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(Quanta Magazine)   We may just wrap our heads around infinity after all   (quantamagazine.org) divider line
    More: Cool, Set theory, Zermelo-Fraenkel set theory, Continuum hypothesis, Axiom of choice, Georg Cantor, Real number, Mathematics, rival axioms  
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1271 clicks; posted to STEM » on 22 Jul 2021 at 1:17 AM (13 days ago)   |   Favorite    |   share:  Share on Twitter share via Email Share on Facebook



33 Comments     (+0 »)
View Voting Results: Smartest and Funniest
 
2021-07-21 7:08:59 PM  
It's just the luxe brand of Nissan. Kinda speaks for itself, Subby.
 
2021-07-21 9:14:47 PM  

dammit just give me a login: It's just the luxe brand of Nissan. Kinda speaks for itself, Subby.


There's a lot of different sizes of Infiniti, though.
 
2021-07-21 11:44:33 PM  
Infiniti Toilet: Cup Holder - Saturday Night Live
Youtube 6IR9jgR7oDM
 
2021-07-21 11:48:16 PM  
Infinity....and beyond?
 
2021-07-22 1:41:16 AM  
You can always add 1 to it ..
 
2021-07-22 2:19:13 AM  

mikalmd: You can always add 1 to it ..


That's apparently not always true.

Math is a human creation, but each system comes out of a basic ruleset or assumptions or something. I lack the jargon, but look up Göedel(sic) to get what I'm talking about.

Everything else is derived from those basic rules(sic). it's possible to make numbers so big you can't in fact add one anymore without breaking the rules. And that's apparently important enough they name them.  Graham's number, YR-M0M,  TREE3 etc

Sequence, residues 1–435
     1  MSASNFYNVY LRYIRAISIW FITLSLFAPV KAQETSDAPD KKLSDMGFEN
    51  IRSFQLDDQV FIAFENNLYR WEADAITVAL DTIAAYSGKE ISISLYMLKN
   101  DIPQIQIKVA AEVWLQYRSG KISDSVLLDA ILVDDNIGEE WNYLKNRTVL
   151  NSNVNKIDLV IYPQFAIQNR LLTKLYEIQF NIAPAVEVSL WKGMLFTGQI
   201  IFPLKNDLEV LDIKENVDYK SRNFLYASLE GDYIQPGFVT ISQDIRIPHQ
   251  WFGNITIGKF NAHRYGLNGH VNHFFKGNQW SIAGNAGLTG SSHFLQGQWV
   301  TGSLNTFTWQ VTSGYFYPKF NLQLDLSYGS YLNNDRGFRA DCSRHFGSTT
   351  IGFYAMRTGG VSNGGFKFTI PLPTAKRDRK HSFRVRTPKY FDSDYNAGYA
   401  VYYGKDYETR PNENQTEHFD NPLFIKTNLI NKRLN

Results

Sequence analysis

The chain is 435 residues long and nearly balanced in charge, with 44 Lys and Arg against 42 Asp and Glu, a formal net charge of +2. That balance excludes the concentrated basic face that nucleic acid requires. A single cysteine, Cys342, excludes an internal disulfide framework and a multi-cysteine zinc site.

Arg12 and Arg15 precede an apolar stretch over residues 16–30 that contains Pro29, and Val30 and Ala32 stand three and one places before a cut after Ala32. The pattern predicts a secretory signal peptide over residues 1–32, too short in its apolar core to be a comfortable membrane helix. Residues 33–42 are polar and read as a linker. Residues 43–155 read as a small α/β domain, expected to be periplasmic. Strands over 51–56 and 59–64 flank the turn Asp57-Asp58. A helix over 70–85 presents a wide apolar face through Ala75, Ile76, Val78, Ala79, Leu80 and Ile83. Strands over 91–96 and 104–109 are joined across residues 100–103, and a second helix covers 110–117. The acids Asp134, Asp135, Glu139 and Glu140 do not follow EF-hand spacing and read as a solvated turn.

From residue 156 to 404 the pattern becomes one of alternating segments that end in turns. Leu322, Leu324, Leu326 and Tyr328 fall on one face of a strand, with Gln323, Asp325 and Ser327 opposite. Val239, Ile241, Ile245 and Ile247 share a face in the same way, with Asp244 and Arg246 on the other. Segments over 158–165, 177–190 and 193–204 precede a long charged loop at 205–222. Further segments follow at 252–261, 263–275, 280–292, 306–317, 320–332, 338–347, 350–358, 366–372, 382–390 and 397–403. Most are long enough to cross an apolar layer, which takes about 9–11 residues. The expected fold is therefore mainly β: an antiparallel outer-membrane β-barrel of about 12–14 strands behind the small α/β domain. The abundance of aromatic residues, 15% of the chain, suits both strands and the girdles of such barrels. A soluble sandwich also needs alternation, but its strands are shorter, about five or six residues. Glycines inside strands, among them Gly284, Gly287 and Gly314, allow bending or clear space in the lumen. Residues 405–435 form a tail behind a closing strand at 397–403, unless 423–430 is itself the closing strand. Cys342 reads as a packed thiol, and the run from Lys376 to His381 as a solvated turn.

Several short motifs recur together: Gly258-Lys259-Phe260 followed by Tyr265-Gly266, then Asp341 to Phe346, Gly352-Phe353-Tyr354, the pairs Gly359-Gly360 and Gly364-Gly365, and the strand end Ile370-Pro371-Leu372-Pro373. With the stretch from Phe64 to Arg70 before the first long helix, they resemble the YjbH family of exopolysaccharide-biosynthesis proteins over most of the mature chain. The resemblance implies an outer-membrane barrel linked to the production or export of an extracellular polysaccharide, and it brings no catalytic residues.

2021-07-22 2:32:46 AM  

leeksfromchichis: it's possible to make numbers so big you can't in fact add one anymore without breaking the rules. And that's apparently important enough they name them.  Graham's number, YR-M0M,  TREE3 etc


YR-M0M's so big, you can't possibly add plus one?
 
2021-07-22 2:41:51 AM  
Just yesterday I mention the uncountability of the set of real numbers in a different thread, and today we get this. Maybe I should mention more math stuff.
 
2021-07-22 2:44:48 AM  
Someone reconciled determinancy and choice, which means I now doubt determinacy.

Actually, in seriousness, by my amateur understanding of this it doesn't sound that impressive.  It sounds like they proved that Axiom A (Martin) and Axion B (choice) logically implies the truth of Axiom C (star) under Axiom D (determinacy) and vice versa.  I.e., you take choice as an axiom, the theorem says that if you remove choice from your universe, add determinacy, and them take star as as an axiom tn that universe, it logically implies Martin in the original universe.  Which only moves the goalposts, really.
 
2021-07-22 2:46:12 AM